Wednesday, March 14, 2018
For the next selection on the highlife turntable I have selected the track Udianorakhara by Ugbo and his philosophers dance band.
I am not a big Edo music fan, but the first great African song I remember listening to when I first started collecting was Iyesogie by the great Edo performer Ugbo. The cadence of the vocals and the downtempo effect of the music just killed me and showed me there could be a complexity and depth to African music that I never imagined.
As I moved onto to other forms of highlife I still collected music by Ugbo, but nothing rivaled Iyesogie until I came across this song. It is a slow ballad. The pace/cadence of the vocals and the way they play against the stripped down music really give this song its heart and soul. One can really hear the sense of introspection and lament in the song. I think it is quite beautiful and reminds me of what attracted me to Edo music in the first place. I hope you like it
Sunday, February 11, 2018
For the next selection on the highlife truntable, I have selected the track Sali Egwu Ye by Gentleman Ikechukwu Izuegbu and His Rhythm Masters of Nigeria off the Isabros release River Adolfi Ossissa
The lead singer is an interesting guy. I first came across him as the lead singer and composer for the band Mmadu Osa. Called the Spokesman he was said to be the voice of millions. They did several releases on the Izuson label. He also did a series of records with the Rhythm brothers under his real name Ike Izuegu.
While there are some Mmadu Osa songs I could not live without, I have found his LP's with the Rhythm Brothers to be a more complete expression of his music and the beauty and simplicity of his vocals. Chronologically I am not sure if the Rhythm Brothers came before, after or during his time with Mmadu Osa. But there is an authenticity in the way he sings that is captivating at a spiritual level.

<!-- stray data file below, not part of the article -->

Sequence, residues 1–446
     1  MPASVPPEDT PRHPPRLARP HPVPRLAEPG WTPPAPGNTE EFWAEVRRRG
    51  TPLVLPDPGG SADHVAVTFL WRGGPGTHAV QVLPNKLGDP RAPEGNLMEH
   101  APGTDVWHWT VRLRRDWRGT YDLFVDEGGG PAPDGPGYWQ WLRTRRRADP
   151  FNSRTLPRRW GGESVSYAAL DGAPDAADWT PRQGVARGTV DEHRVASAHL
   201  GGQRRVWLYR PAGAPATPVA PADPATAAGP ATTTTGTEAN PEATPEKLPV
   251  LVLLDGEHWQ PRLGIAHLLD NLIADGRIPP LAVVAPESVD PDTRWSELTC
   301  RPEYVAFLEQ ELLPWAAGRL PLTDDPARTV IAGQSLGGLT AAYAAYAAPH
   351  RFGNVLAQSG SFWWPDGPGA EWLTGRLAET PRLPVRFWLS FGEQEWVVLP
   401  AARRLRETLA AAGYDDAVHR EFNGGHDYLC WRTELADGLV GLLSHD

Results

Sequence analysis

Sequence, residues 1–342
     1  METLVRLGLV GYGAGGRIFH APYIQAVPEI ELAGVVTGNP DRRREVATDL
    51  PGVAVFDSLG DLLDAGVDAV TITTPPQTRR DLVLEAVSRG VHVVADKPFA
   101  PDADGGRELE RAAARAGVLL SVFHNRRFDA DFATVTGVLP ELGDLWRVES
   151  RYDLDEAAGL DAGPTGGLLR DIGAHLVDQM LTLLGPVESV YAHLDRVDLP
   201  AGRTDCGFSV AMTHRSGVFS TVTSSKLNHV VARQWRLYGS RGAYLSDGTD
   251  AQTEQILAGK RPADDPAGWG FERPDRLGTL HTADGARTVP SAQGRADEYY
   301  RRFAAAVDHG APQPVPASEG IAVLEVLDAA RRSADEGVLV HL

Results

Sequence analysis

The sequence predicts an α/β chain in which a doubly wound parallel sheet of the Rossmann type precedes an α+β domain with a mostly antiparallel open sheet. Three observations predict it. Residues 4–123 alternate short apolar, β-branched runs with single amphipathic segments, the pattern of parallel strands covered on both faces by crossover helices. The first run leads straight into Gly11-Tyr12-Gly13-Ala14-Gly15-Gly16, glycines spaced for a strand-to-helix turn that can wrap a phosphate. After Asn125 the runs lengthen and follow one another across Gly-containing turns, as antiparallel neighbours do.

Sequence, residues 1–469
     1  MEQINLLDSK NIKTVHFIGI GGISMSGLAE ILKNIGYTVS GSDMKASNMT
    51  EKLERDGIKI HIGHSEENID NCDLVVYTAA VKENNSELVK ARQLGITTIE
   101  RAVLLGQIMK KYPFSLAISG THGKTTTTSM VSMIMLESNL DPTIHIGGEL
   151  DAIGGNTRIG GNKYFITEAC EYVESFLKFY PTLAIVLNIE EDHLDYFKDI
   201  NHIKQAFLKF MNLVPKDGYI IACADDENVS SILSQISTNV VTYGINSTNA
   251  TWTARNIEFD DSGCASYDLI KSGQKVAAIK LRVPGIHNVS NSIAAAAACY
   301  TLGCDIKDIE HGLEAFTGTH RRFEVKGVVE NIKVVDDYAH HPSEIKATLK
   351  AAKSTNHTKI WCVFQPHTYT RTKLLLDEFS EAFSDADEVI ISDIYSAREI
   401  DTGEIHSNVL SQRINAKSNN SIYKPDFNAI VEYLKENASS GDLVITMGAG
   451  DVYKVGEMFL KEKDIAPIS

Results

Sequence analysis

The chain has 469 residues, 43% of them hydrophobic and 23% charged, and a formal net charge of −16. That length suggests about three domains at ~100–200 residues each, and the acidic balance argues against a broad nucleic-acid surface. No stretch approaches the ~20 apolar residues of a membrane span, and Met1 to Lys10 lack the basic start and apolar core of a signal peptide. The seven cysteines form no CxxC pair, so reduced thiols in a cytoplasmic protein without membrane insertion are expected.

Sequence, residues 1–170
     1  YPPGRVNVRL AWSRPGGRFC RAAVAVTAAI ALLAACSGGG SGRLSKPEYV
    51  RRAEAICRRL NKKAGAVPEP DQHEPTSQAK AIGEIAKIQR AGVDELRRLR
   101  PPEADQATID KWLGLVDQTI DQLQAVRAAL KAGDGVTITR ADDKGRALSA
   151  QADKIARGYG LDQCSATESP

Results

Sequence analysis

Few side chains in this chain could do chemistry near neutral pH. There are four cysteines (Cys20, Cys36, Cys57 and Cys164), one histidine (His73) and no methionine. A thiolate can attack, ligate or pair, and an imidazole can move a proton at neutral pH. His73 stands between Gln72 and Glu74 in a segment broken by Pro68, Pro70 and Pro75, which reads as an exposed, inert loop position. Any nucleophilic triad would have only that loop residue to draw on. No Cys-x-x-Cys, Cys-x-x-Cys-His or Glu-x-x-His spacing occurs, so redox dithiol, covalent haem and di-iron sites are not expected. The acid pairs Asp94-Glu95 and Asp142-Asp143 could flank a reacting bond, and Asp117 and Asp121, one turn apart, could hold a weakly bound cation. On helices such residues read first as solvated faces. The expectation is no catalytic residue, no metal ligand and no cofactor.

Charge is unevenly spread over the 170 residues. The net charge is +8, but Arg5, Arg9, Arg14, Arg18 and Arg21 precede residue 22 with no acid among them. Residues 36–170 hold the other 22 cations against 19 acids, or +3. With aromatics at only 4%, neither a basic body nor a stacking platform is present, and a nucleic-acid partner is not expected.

I posted one of the best Mmadu Osa tracks on this blog earlier. The other good thing about both groups is they published the full text of their lyrics in their native language on the back cover of their LP's. Immensely useful.
The song showcases his vocals. Starting out with a little guitar riff, his vocals come in and guide the music through the rest of the song as the percussion and sparkling guitar solos play off the soft cadence of his vocal. I find it truly beautiful. Simple yet meaningful.
If anyone wants to take a crack and translating the song into English I'd be glad to send the song. I am not sure what language it is in but the first sentence is Ewo biko Oke nkem, Ikechukwu bia o ebele m mer bia nwam.
I hope you like the music
Saturday, December 9, 2017
For the next selection on the highlife turntable I have selected the track Kekaji Okwu Me by Bob Fred off the 1989 Muzivision release Ezi-Oyo Special
I have posted other tracks by Bob Fred. One of the stalwarts of the Ukwauni highlife scene he played guitar on the seminal Rogana Ottah recording Ukwauni Special released in 1976 and had a long and prolific career as a sideman and leader.
Laid back but poignant, the song opens with a nice muted horn solo and then the interplay between the drowsy vocals and down tempo guitar lines propel the song forward as it meanders over 8 1/2 minutes. There are several nice stretches. Listen to the cadence of Bob Fred's voice and the way the horns really accentuate the flow of the song.
What makes this recording interesting to me is the rhythm and warmth of Ukwauni music is still fresh and emotive even 13 years down the line. Its a tribute to Bob Fred's mastery of the form
I hope you like it
Sunday, October 22, 2017
For the next selection on the highlife turntable I have selected the track Twamo-Esai by Lord Adusa Y Ayegbe off a 1977 release Izon Ene Ebi Ede.
I have written about Lord Adusa before. His 1980's release Mabena Otu is one of my all time favorite records. What was exciting about this release is that it was done in 1975 and it has some information on the artist. The liner notes say:
"The well known Ijaw philosopher, Lord Adusa started playing music at the age of 14, when the so called Asiko was existing far back in 1958. During that period he was to appear in public shows, leading a band called the Young Stars Dance Band "isampuo" After a long struggle he decided to change to another business for lack of instruments to perform on stage in a high temple."
Fast forward to 1977 and Lord Adusa releases this LP. He would have been 33 at the time of this release and his music is considered Ijaw highlife, which would have made him a contemporary of such first generation Izon perfomers like King Ebizimor and I.K. Belemu.